The conjunctival inserts disclosed in the present invention sit in a particular place in the eye and remain stable, specifically avoiding constant contact with the cornea and potential subsequent irritation and discomfort. That is, the inserts fit the conjunctival cul-de-sac like contact lenses fit the central ocular surface (corneal), instead of simply placing a small object in the space and hoping it would stay within the bounds of the space, free to move randomly about within the space, as has been done with all previous conjunctival inserts.

The three conjunctival inserts, differing by size, will be applicable to 75% or more of the human adult population. This will especially be so when the designs are made of a hydrogel material such as those used in the manufacture of soft contact lenses. The moisture, flexibility, and conformity to surrounding structures associated with hydrogel materials, when produced in the above mentioned new designs, will result in conjunctival inserts that are comfortable when placed in either the inferior or superior cul-de-sacs of the eye. In addition, these inserts will be retained in the conjunctival spaces better and will simultaneously be much larger than past inserts. The new designs will be able to hold more drug or lubricant for topical delivery to the eye or to systemic targets, will contact a larger conjunctival area for such drug or lubricant delivery, and will be capable of remaining in the conjunctival sac for periods beyond that currently available. These new conjunctival inserts can further be used in concert with emerging new drug-delivery technologies to further control the treatments of many ocular maladies such as glaucoma and dry eye.

The following references were cited herewith.

1. Lamberts, Int Ophthalmol Clin 1980; 20: 63-77.

2. Shell, Surv Ophthalmol 1984; 29(2): 117-28.

3. Yakovlev et al., Vestnik Oftal'mologii 1966; 79: 40-42.

4. Maichuk, Antibiotiki 1967; 12: 432-435.

5. Maichuk et al., Vestnik Oftal'mologii 1974; 90: 73-76.

6. Maichuk, Invest Ophthalmol Vis Sci 1975; 14(2): 87-90.

7. Physician's Desk Reference for Ophthalmology, 22ed. 1994, pp235, 259-261, 263, 294-295.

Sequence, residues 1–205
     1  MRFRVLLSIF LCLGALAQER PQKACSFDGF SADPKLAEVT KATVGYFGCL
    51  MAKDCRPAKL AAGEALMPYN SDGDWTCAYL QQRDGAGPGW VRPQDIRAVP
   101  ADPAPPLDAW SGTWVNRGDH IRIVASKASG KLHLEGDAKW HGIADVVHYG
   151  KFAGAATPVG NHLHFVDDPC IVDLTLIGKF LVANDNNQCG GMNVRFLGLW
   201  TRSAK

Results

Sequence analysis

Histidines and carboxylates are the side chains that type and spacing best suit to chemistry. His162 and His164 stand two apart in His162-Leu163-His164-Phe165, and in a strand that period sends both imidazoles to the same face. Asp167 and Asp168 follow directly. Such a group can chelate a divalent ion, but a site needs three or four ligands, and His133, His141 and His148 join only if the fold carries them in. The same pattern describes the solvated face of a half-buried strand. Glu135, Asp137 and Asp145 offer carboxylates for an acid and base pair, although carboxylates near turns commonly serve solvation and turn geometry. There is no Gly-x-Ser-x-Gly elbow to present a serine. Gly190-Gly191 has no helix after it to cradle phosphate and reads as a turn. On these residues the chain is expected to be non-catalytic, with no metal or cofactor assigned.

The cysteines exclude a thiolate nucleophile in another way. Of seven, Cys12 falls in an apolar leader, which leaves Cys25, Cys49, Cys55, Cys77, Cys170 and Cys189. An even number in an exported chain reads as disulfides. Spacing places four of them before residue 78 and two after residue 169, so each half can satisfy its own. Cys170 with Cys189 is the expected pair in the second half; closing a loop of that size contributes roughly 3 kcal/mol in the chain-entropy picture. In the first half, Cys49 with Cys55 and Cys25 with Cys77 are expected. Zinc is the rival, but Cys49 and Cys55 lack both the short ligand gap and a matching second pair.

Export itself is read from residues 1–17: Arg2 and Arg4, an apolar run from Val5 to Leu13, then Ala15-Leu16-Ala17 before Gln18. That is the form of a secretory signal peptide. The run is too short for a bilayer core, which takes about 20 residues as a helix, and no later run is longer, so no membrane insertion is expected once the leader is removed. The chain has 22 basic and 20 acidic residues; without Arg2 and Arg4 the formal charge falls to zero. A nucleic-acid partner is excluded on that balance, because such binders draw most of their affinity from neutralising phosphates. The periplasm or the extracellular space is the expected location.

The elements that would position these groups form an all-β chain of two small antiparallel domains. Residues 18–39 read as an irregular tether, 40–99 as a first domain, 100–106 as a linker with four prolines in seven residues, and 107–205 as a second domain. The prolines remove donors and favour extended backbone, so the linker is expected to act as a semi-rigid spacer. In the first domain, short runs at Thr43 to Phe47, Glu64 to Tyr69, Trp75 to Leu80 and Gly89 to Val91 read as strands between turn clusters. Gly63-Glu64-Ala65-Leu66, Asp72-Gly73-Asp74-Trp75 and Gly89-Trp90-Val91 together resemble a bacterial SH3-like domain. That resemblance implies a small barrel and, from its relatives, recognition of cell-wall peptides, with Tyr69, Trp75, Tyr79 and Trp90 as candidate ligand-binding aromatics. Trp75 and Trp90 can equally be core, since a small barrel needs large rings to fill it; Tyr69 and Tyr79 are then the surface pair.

8. Friedberg et al., Ophthalmol 1991; 98(5): 725-730.

9. Shaker et al., CLAO J. 1989; 15(4): 298-304.

10. Land et al., ICIC, 1994; 21: 212-217.

11. Cygan et al., Acta Ophthalmol. Scand., 1995; 73: 555-559.

Any patents or publications mentioned in this specification are indicative of the levels of those skilled in the art to which the invention pertains. These patents and publications are herein incorporated by reference to the same extent as if each individual publication was individually incorporated by reference.

One skilled in the art will readily appreciate that the present invention is well adapted to carry out the objects and obtain the ends and advantages mentioned, as well as those inherent therein. The present examples along with the devices, procedures, and treatments described herein are representative of preferred embodiments, are exemplary, and are not intended as limitations on the scope of the invention. Changes therein and other uses will occur to those skilled in the art which are encompassed within the spirit of the invention as defined by the scope of the claims.

Patent Citations
Cited PatentFiling datePublication dateApplicantTitle
US3710795 *Sep 29, 1970Jan 16, 1973Alza CorpDrug-delivery device with stretched, rate-controlling membrane
US3914402 *Jun 14, 1973Oct 21, 1975Alza CorpOphthalmic dosage form, for releasing medication over time
US4014335 *Mar 25, 1976Mar 29, 1977Alza CorporationOcular drug delivery device
US4190642 *May 11, 1979Feb 26, 1980Alza CorporationOcular therapeutic system for dispensing a medication formulation
US4287175 *Jun 1, 1979Sep 1, 1981Merck & Co., Inc.Containing cellulose, gums, starches, dextrose, polyalkylene glycols, polyvinylmethyl ethers or acrylic polymers
US4327725 *Nov 25, 1980May 4, 1982Alza CorporationOsmotic device with hydrogel driving member
US5476515 *Nov 24, 1993Dec 19, 1995Autogenesis Technologies, Inc.Removing natural lens from capsular sac, injecting modified collagen composition to fill sac, exposing to polymerization agent to polymerize and form intraocular lens
Referenced by
Citing PatentFiling datePublication dateApplicantTitle
US7666461 *Oct 20, 2004Feb 23, 2010Novartis AgCoating containing clays; contact lenses
US7722669Aug 13, 2004May 25, 2010Richard FoulkesMethod and insert for modifying eye color
US8167855Aug 25, 2004May 1, 2012Vista Scientific LlcOcular drug delivery device
US8287504Jul 22, 2010Oct 16, 2012Vista Scientific LlcOcular drug delivery device
US8663194Nov 12, 2010Mar 4, 2014University Of Utah Research FoundationIntraocular drug delivery device and associated methods
US8679078Sep 17, 2012Mar 25, 2014Vista Scientific LlcOcular drug delivery device
US20090017097 *Jul 9, 2007Jan 15, 2009Sawhney Amarpreet SHydrogel polymeric compositions and methods
US20110129516 *Oct 29, 2010Jun 2, 2011Aton Pharma, Inc.Ocular drug delivery devices
Classifications
U.S. Classification424/427, 424/426, 424/429, 424/420, 424/422, 424/428
International ClassificationA61F9/007, A61K9/00, A61F2/14, A61F9/00
Cooperative ClassificationA61F9/0017, A61K9/0051
European ClassificationA61F9/00B2, A61K9/00M16B
Legal Events
DateCodeEventDescription
Jun 14, 2005FPExpired due to failure to pay maintenance fee
Effective date: 20050417
Apr 18, 2005LAPSLapse for failure to pay maintenance fees
Nov 3, 2004REMIMaintenance fee reminder mailed
Jun 24, 1999ASAssignment
Owner name: UAB RESEARCH FOUNDATION, THE, ALABAMA
Free format text: ASSIGNMENT OF ASSIGNORS INTEREST;ASSIGNOR:BENJAMIN, WILLIAM J.;REEL/FRAME:010047/0282
Effective date: 19990603